OK, there’s a lot of crap on our TV screens under the title of historical documentary. I particularly dislike the ones that tell us how everyone until now has got subject X all wrong and now this programme will in fifty minutes tell us the TRUTH. Blah blah blah. Or there’s all that heavily-trodden superficial ground of ‘The most evil men in history’ type rubbish (Channel 5, are you listening?). But I’m currently reading History and the media (ed. David Cannadine, Basingstoke, 2004), and I can only agree with Tristram Hunt in ‘How does television enhance history?’:
The question should no longer be, does TV enhance or diminish history?; it should be, how do we produce the highest quality history programming? (p. 99)
To which his answer is that we as academic historians must be involved working with programme makers and that we need to ‘assume as much editorial control as possible’. (Though I didn’t much like Tristram’s style on the box, if I’m honest. Shouty shouty, look at me, aren’t I a pretty blonde boy. Go away, brat. Er, I think I might be showing my age.)
TV history cannot do the same things as carefully, deeply researched and debated written history. Fine. It has other strengths. It can bring to a wide audience the fruits of that scholarship; it can engage the public with their past. It can tell stories about that past in different ways; it can often be more sophisticated in showing the problems of source material and interpretation than it’s given credit for.
One of my recent favourites was a recent Channel 4 programme – part of its Georgian Underworld series (2003) – on the Peterloo Massacre of 1819, which was unusual in being entirely a dramatic reconstruction, based on court records. (Well, we all love a courtroom drama, don’t we?) It was beautifully written and acted, deeply moving and utterly compelling. Or there was Channel 4’s Plague, Fire, War and Treason series (2001); moving away from my period, the BBC’s superb Pompeii: The Last Day (dramatic reconstructions – a great cast – as well as amazing CGI effects); I’ve written (gushingly) before about Meet the Ancestors and Terry Jones’s Medieval Lives; and now there’s Tony Robinson’s Worst Jobs in History (both the latter using humour to convey some serious messages; but there was a lot less piss and shit in Terry’s series…). Simon Schama’s History of Britain series had its faults, but it was nonetheless great viewing, and brought a wide sweep of British history to a vast audience.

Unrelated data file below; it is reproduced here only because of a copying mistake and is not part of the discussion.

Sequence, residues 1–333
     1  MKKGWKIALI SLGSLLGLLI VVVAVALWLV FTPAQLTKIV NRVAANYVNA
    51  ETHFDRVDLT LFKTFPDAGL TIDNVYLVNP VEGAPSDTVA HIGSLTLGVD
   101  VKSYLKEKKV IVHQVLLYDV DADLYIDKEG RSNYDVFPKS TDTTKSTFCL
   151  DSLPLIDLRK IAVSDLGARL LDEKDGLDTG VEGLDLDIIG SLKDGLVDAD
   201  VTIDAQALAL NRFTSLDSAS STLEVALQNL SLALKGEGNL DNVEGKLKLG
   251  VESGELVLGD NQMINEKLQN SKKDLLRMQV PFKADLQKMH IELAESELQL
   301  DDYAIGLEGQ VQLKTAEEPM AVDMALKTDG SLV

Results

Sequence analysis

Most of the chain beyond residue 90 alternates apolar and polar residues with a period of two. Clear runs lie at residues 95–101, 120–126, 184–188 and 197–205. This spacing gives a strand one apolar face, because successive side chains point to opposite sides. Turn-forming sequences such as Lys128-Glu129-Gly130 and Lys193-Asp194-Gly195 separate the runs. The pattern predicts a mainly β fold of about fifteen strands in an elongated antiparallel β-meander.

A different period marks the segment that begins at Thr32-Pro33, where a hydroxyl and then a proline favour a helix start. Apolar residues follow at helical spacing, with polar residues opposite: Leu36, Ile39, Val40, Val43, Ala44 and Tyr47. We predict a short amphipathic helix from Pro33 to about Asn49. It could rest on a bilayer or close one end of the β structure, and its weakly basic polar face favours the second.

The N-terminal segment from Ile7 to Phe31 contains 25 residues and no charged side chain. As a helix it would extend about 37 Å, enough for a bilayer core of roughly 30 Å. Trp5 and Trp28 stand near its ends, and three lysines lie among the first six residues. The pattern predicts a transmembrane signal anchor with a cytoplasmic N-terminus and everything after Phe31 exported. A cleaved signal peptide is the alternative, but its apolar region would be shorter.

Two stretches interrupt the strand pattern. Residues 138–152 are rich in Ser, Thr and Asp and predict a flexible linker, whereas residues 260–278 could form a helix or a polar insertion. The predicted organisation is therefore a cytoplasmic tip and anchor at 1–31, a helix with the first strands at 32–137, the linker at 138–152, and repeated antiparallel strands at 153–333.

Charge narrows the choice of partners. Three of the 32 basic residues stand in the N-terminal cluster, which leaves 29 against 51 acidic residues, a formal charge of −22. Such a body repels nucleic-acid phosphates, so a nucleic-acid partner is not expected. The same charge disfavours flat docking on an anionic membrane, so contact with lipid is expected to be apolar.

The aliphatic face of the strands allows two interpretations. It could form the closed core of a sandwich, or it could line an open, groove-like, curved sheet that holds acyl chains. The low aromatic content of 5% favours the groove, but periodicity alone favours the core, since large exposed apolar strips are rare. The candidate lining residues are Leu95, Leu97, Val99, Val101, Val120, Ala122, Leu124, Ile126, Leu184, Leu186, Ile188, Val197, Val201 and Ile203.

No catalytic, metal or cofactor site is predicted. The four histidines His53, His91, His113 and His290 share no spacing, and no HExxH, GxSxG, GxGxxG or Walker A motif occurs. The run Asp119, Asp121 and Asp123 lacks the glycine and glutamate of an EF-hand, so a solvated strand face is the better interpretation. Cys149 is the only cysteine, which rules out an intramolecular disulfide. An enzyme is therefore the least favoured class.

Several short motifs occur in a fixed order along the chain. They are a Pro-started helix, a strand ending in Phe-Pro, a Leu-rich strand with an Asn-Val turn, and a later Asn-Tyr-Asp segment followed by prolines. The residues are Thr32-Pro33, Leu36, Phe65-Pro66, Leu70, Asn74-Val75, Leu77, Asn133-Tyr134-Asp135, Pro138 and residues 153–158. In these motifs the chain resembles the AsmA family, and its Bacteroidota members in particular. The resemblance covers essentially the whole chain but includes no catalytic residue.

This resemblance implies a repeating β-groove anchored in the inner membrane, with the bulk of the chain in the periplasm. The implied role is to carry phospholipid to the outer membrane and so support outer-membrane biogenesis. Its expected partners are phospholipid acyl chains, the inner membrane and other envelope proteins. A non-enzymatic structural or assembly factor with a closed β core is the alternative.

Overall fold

There’s always something new and wonderful to watch, a vast array of techniques and a huge range, too, in terms of intellectual depth. And, as many of these links show, the TV programmes are increasingly complemented by high quality websites that provide background, develop their subjects and, at their best, also provide outstanding stand-alone learning resources (Channel 4’s Time Traveller’s Guides are wonderful, though mostly restricted to British history; the BBC’s History website is a wide-ranging treasure trove).
Considering the examples I’ve just given, it strikes me that ‘reconstructions’ of various kinds – by actors, by amateurs in ‘reality’ shows (which can be extremely variable, I agree, but I really liked The 1940s House), using computers – has really come of age in recent years. Reconstruction seems to have been considered deeply inferior as a technique by those who brought us the seminal documentaries of the 1960s to the 80s (The Great War, The World at War, etc).Working mostly in recent history, they created a formula that revolved around archive footage, interviews with participants and talking heads. Reconstructions were a last resort to be used only when ‘primary source’ film footage (which also had the virtue of being cheap) was unavailable, and industriously avoided even when it wasn’t. Jeremy Isaacs in the History and the media volume, comments on making a series about Irish history in the late 70s: ‘We set our face against reconstructions’ (p. 48) – problematic since half of the series covered the period before the invention of film.
Of course, bad reconstructions are really bad things, but good reconstructions bring home the ‘living’ past in a way that nothing else can. That’s why I so loved the Peterloo programme; or in a totally different vein, when Tony Robinson rolls up his sleeves and, trying not to gag – or in a few cases, freeze with fear – gets right in there to show us just what those awful jobs (many of them vital for society’s survival; or filthy tasks that made possible things of sublime beauty) really involved.
And all of that is why I love television history.
Originally posted September 2004, this seemed apt following my post the other day. (I haven’t checked that all the links still work.)